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items tagged with dramas

Hollywood Marketing Triumphs with Two Bad Movies: "Rock Star" and "The Musketeer"
Written By: Mike Schulz
Section: Movies

Category: Reviews

2001-09-12 00:00:00

Jennifer Aniston and Mark Wahlberg in Rock StarROCK STAR and THE MUSKETEER

If you were to guess based solely on their previews, you’d probably imagine Stephen Herek’s Rock Star to be a kitschy, affectionate look at heavy metal in the ‘80s – like This Is Spinal Tap played straight – and Peter Hyams’ The Musketeer to be a brisk reinterpretation of the Alexandre Dumas classic with a martial-arts bent – Crouching Tiger, Hidden D’Artagnan.
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"O" Why Did They Bother?: Also, "Jeepers Creepers"
Written By: Mike Schulz
Section: Movies

Category: Reviews

2001-09-05 00:00:00

Mekhi Phifer in OO

We’ve had so many reinterpretations of Shakespeare’s classics in recent years, and so many that have been surprisingly fine (I’m thinking of 10 Things I Hate About You, the Ethan Hawke Hamlet, and the genre’s standard-bearer, Baz Luhrmann’s Romeo + Juliet), that you’re inclined to give O, which sets Othello in the world of high-school basketball, the benefit of the doubt.


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"Baby Boy" Shows Singleton All Grown Up: Also, "crazy/beautiful" and "Scary Movie 2"
Written By: Mike Schulz
Section: Movies

Category: Reviews

2001-07-11 00:00:00

Ving Rhames and Tyrese Gibson in Baby BoyBABY BOY

It’s a small movie, but the scope of John Singleton’s Baby Boy is enormous; the film is nothing less than a critique of young African-American males, a warts-and-all look at the infantilization of those who consider themselves true men. Singleton received great acclaim a decade ago for his writing/directing debut, Boyz N the Hood, and while his take on Shaft last summer was an enjoyably over-the-top romp, Baby Boy is his first work to make good on the promise he showed in 1991: The movie is superb. Where nearly every scene in Boyz N the Hood was filled with dread and the threat of violence, the images in Baby Boy are steeped in sadness and resignation, with exquisite moments of joy, fear, and strength throughout.


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"Moulin Rouge" Provokes Passionate Response: Also, "Pearl Harbor" and "What's the Worst That Could Happen?"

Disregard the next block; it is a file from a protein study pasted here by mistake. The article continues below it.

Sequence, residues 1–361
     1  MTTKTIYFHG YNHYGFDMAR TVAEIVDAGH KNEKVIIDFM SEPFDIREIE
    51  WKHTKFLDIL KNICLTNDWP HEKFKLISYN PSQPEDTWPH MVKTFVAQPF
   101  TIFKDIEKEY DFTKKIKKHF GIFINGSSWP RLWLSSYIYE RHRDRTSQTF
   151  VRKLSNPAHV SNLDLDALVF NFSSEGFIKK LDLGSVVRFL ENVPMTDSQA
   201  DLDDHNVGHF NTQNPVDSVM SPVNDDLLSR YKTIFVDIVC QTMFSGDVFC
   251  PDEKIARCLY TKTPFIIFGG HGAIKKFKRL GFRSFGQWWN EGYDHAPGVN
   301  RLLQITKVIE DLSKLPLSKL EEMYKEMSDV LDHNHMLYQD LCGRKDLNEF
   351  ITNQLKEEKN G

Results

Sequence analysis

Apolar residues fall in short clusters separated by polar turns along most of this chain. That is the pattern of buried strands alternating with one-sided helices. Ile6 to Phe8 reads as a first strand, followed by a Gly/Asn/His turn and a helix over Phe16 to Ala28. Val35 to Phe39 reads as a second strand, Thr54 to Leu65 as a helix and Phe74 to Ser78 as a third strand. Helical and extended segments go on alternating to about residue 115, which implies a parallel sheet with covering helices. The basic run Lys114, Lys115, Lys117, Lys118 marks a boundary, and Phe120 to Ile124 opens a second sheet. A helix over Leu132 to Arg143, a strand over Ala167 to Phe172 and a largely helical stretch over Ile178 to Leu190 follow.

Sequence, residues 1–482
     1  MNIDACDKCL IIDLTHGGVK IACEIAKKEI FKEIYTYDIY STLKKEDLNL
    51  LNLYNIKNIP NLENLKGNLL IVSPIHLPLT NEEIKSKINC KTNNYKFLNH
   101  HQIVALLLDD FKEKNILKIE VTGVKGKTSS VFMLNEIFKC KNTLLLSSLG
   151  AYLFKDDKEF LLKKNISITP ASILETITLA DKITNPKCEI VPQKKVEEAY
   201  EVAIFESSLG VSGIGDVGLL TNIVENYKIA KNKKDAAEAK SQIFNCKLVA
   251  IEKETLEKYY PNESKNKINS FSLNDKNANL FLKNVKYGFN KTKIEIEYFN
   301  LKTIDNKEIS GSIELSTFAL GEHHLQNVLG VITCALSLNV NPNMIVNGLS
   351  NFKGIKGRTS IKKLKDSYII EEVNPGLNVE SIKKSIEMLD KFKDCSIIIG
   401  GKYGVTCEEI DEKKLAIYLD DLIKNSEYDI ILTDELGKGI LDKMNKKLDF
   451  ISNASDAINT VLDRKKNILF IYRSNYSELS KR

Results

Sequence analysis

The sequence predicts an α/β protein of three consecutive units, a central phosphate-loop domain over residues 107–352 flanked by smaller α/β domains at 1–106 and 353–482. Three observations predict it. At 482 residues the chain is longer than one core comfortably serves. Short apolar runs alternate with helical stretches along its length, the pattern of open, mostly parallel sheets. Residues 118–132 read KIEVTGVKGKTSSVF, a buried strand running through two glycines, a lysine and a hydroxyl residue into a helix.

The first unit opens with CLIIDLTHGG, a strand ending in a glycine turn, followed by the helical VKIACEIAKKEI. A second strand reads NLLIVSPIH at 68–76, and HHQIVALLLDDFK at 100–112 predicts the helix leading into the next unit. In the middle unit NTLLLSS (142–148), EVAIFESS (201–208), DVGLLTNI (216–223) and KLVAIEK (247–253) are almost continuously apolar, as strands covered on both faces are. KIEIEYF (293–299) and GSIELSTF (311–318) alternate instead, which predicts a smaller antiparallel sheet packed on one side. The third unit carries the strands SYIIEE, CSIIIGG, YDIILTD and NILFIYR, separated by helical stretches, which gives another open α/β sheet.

Written By: Mike Schulz
Section: Movies

Category: Reviews

2001-06-07 00:00:00

Nicole Kidman and Ewan McGregor in Moulin RougeMOULIN ROUGE

I loved Baz Luhrmann’s musical Moulin Rouge, but what I adore even more than the film itself are works like it – artistically divisive movies that give you no choice but to love or hate them.


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Zellweger Shines (Again) in “Diary”: “Bridget Jones’s Diary,” “Blow,” and “Josie & the Pussycats”
Written By: Mike Schulz
Section: Movies

Category: Reviews

2001-04-18 12:00:00

Renee Zellweger in Bridges Jones's DiaryBRIDGET JONES'S DIARY

A terrific leading character can atone for a lot of wrongs in a film, and there might be no better proof of that thesis than Bridget Jones's Diary, Sharon Maguire's adaptation of Helen Fielding's incredibly popular novel. Our heroine, a 32-year-old British woman who works a dead-end publishing job, is a completely realistic type we almost never see in movies: a chain-smoking, wine-slurping, slightly overweight, unsatisfied-in-relationships flirt who wants desperately to better herself but doesn't have the motivation or discipline to do so. Flawed as she is, she's intensely endearing, and as perfectly played by Renée Zellweger, she's a magically comic creation, even more wonderful than Zellweger's previous incarnations of Dorothy Boyd and Nurse Betty. That the moviemakers spend the film's running length putting her in one humiliating situation after another, and that she's trapped in a predictable love triangle between a cad and a sweetie, aren't to be held against her; Bridget Jones, and Zellweger herself, triumph over their circumstances, creating a totally enjoyable cinematic work, flaws and all.


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